The filings describe a curious arrangement between the head of the Super PAC and a firm it was doing work with. The Super PAC gave $19 million to this firm, and then the firm took a 6 percent commission on that money. However, half of that 6 percent commission would then be “held” for and eventually provided to the head of the Super PAC. (This last part of the deal was not in the written contract.)

To understand this, you have to understand how political ad placement companies work. Campaigns and Super PACs often pay these companies exorbitant amounts ($19 million in this case), but most of that money is then used to pay TV stations and cable companies to place ads. Yet some of the money — often a set percentage of the total buy, or a commission — is kept by the ad placement firm as payment.

So here, the government appears to be describing a rather shady-looking arrangement in which the firm retained by the Super PAC to place pro-Trump ads got a commission — but then kicked back half of that commission to the Super PAC’s head. (Campaign finance filings show the Super PAC only did about $19 million worth of business with one firm: Multi Media Services, a political ad buying firm based in Alexandria, Virginia.)

It gets shadier. In June 2017, Manafort suddenly needed to come up with $125,000, to pay a firm working for him. (References in this section to “Manafort’s counsel” and “Manafort’s legal defense” may suggest this was to pay legal bills from his former attorneys.) Yet it was the media company in question that paid Manafort’s $125,000 bill for him.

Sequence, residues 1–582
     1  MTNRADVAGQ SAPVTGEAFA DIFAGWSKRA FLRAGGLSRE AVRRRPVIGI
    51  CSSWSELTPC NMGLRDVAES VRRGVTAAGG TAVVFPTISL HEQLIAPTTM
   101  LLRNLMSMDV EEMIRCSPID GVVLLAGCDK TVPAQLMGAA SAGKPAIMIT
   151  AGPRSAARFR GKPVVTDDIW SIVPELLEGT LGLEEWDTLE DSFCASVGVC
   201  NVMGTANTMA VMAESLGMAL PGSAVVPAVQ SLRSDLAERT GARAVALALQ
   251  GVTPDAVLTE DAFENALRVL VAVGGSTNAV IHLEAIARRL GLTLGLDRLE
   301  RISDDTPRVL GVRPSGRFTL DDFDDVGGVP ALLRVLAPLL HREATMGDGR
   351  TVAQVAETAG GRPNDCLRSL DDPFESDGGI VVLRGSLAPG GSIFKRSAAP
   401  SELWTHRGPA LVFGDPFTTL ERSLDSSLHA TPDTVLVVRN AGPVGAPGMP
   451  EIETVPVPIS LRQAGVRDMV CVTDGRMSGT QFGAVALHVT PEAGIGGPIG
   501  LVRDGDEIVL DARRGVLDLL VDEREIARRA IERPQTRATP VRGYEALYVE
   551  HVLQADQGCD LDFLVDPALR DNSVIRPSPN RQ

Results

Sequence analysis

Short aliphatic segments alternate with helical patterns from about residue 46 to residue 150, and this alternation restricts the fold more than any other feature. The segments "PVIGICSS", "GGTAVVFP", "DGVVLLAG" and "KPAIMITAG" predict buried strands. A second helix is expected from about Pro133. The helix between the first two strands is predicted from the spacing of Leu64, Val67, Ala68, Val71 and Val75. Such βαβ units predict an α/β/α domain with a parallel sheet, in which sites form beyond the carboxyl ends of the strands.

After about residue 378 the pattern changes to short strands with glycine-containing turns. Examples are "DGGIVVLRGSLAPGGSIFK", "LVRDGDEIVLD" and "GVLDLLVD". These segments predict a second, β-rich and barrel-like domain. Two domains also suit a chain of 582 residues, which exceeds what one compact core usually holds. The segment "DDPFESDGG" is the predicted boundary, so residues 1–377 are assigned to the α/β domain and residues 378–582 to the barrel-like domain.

Why did it so generously do this for Manafort? Well, the head of the media company told investigators that it was the Super PAC chief who asked him to take the money for Manafort’s debt out of his 3 percent from the commission. And that raises more questions about just whose money that was, anyway.

The gist of this tangled tale is that a good deal of money appeared to start off as donations to a pro-Trump Super PAC, then got handed off to Manafort’s cronies as commissions — and that a chunk of it eventually may have been used to pay Manafort’s legal bills.

It should be noted that there is no allegation here that any of this is illegal. But the reason it’s come up is that when Manafort was asked about this $125,000 payment by Mueller’s team, he allegedly couldn’t give a consistent explanation about how and why it was made. Check out this piece by the Campaign Legal Center’s Brendan Fischer for more on the Super PAC in question.

Konstantin Kilimnik

About half of the new filing relates to Konstantin Kilimnik, the longtime Russian associate of Manafort’s whom Mueller has taken a keen interest in (and who the government claims has ties to Russian intelligence).

Again, a great deal of this is redacted. But due to Manafort’s lawyers’ botched attempts at redaction in a previous filing, we know some of what’s being alleged here.

1) A Ukraine peace plan: A major topic of discussion between Manafort and Kilimnik that caught the government’s interest was a supposed “peace plan” for Ukraine (according to Manafort’s filing last week). The idea here, it seems, was to try to settle the conflict between Russia and Ukraine on terms that would be favorable to Russia.